Volume 8 Supplement 2

Sixteenth Annual Computational Neuroscience Meeting: CNS*2007

Open Access

Stimulus reconstruction reveals extended 'replay' in the rat hippocampus during exploration

BMC Neuroscience20078(Suppl 2):P198

DOI: 10.1186/1471-2202-8-S2-P198

Published: 6 July 2007

Spatially-modulated firing of hippocampal 'place cells' is thought to subserve spatial learning in the rat. Ensemble recordings have shown that these cells re-express behavioral firing sequences during sleep. Recently, replay of the reverse of behavioral sequences has been reported in the awake rat at reward sites. These phenomena are hypothesized to play a role in memory formation and consolidation.

Here we report findings from simultaneous recordings of ensembles of place cells in area CA1 of the hippocampus during exploration of a 10 m linear track. In contrast to existing replay detection methods which look for patterns in the spiking records of cells, we employ a Bayesian algorithm to reconstruct the position stimulus, and detect replay as trajectories in the stimulus space. Notably, due to the directionality of the recorded place cells, we can reconstruct both the animal's position and direction of movement, which allows us to differentiate between forward and reverse replay.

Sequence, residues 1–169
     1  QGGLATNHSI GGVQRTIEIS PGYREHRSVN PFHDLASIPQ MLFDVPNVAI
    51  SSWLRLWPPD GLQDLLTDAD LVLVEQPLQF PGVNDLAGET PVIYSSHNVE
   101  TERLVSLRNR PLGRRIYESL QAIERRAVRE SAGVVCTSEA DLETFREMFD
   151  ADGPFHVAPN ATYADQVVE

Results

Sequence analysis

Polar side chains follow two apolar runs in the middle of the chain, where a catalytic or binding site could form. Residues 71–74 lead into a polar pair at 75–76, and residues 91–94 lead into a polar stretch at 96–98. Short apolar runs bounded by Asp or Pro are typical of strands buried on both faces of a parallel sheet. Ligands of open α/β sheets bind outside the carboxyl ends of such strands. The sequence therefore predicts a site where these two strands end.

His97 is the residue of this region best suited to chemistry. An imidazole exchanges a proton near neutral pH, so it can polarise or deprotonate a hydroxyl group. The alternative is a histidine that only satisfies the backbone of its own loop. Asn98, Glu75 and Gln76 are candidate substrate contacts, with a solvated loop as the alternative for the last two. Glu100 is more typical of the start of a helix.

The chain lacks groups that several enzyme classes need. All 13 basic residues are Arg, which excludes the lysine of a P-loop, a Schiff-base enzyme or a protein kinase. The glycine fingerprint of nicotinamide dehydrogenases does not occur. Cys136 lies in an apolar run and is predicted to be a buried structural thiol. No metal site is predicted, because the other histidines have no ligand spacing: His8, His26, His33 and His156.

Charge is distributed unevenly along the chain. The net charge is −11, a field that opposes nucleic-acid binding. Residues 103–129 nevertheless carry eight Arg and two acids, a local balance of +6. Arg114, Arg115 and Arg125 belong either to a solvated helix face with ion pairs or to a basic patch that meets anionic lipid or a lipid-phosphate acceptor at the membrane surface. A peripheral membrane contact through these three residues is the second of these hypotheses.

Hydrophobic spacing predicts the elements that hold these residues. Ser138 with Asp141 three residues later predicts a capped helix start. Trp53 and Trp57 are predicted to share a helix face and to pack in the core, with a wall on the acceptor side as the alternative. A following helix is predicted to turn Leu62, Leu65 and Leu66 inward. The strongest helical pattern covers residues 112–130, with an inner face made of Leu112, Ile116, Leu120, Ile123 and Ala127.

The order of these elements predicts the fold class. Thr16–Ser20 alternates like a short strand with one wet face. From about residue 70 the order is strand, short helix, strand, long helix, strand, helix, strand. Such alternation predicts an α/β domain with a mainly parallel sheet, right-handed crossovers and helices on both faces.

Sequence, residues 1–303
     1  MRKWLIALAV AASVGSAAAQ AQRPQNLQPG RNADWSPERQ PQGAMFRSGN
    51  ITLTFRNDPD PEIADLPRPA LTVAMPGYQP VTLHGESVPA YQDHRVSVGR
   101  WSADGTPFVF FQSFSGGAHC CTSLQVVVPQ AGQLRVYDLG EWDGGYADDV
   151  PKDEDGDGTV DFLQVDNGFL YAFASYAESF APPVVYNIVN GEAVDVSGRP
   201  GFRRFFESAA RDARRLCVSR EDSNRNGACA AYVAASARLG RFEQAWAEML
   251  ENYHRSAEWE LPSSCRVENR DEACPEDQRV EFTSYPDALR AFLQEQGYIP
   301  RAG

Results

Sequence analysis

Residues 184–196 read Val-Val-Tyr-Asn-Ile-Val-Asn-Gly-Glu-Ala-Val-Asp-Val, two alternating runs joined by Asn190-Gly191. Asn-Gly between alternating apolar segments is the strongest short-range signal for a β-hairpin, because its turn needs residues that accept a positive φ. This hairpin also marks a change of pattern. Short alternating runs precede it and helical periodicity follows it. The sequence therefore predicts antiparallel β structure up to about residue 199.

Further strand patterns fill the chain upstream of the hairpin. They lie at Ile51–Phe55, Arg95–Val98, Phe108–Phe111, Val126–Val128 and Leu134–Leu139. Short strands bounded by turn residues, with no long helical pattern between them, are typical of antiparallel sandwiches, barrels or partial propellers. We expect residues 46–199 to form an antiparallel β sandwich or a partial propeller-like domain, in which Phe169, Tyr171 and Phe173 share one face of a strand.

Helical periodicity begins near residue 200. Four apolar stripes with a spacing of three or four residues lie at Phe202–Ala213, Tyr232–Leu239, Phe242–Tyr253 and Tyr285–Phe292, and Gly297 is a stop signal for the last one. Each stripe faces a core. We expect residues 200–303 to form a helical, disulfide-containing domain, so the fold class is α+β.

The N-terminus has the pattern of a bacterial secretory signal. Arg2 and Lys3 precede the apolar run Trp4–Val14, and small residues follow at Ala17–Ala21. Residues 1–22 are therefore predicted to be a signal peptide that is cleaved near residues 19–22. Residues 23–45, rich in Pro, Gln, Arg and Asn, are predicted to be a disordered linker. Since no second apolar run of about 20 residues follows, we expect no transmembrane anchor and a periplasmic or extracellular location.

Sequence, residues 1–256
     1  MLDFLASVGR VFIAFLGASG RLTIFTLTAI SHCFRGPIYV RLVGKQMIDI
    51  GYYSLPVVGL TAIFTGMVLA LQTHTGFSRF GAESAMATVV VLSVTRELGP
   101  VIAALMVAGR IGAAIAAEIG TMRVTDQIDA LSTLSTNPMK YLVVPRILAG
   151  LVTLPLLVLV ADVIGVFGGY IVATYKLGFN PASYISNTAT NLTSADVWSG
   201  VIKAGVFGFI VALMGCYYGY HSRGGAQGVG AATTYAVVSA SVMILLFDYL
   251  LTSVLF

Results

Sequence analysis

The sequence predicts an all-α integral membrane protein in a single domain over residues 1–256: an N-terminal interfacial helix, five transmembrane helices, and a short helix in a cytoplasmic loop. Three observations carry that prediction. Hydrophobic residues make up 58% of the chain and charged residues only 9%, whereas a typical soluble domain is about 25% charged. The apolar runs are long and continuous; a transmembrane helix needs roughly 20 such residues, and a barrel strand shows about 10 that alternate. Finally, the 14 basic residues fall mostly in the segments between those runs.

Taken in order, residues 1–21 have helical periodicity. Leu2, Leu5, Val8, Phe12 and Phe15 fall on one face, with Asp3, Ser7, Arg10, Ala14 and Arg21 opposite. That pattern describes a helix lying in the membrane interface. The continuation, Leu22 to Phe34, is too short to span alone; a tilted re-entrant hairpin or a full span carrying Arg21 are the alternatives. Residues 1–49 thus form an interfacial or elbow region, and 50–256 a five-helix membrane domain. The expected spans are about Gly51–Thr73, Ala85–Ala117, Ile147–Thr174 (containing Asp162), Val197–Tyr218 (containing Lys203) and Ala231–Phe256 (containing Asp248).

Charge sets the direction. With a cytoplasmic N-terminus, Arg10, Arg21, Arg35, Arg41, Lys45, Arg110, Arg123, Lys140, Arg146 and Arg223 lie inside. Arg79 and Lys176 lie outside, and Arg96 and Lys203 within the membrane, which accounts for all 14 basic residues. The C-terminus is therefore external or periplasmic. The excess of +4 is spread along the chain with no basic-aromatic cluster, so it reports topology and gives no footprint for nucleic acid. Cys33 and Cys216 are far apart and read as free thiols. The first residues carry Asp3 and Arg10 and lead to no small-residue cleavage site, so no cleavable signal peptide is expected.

We apply our method to periods of immobility, and find that both forward and reverse replay are prevalent. Either the start or end point of the replayed trajectories are often anchored to the rat's current location. We detect significant replay events several times per minute. Replay episodes have a mean duration of ~300 ms (max. 700 ms); replayed trajectories span on average ~3 m of the track (max. 8 m) with a corresponding 'virtual' velocity of 8 m/s (0.3 m/s s.e.m.). Replay is correlated with increased power in the ripple-band (150–250 Hz) in the local field potential.

These findings show that place cells in the hippocampus of the behaving rat can express patterns of activity corresponding to traversal of remote locations. The observed 'virtual' trajectories proceed in both the forward and reverse order and extend across a longer timescale than has previously been appreciated.

Authors’ Affiliations

(1)
Picower Institute for Learning and Memory, Massachusetts Institute of Technology
(2)
RIKEN-MIT Neuroscience Research Center, Massachusetts Institute of Technology
(3)
Department of Brain and Cognitive Sciences, Massachusetts Institute of Technology
(4)
Department of Biology, Massachusetts Institute of Technology

Copyright

© Davidson et al; licensee BioMed Central Ltd. 2007

This article is published under license to BioMed Central Ltd.

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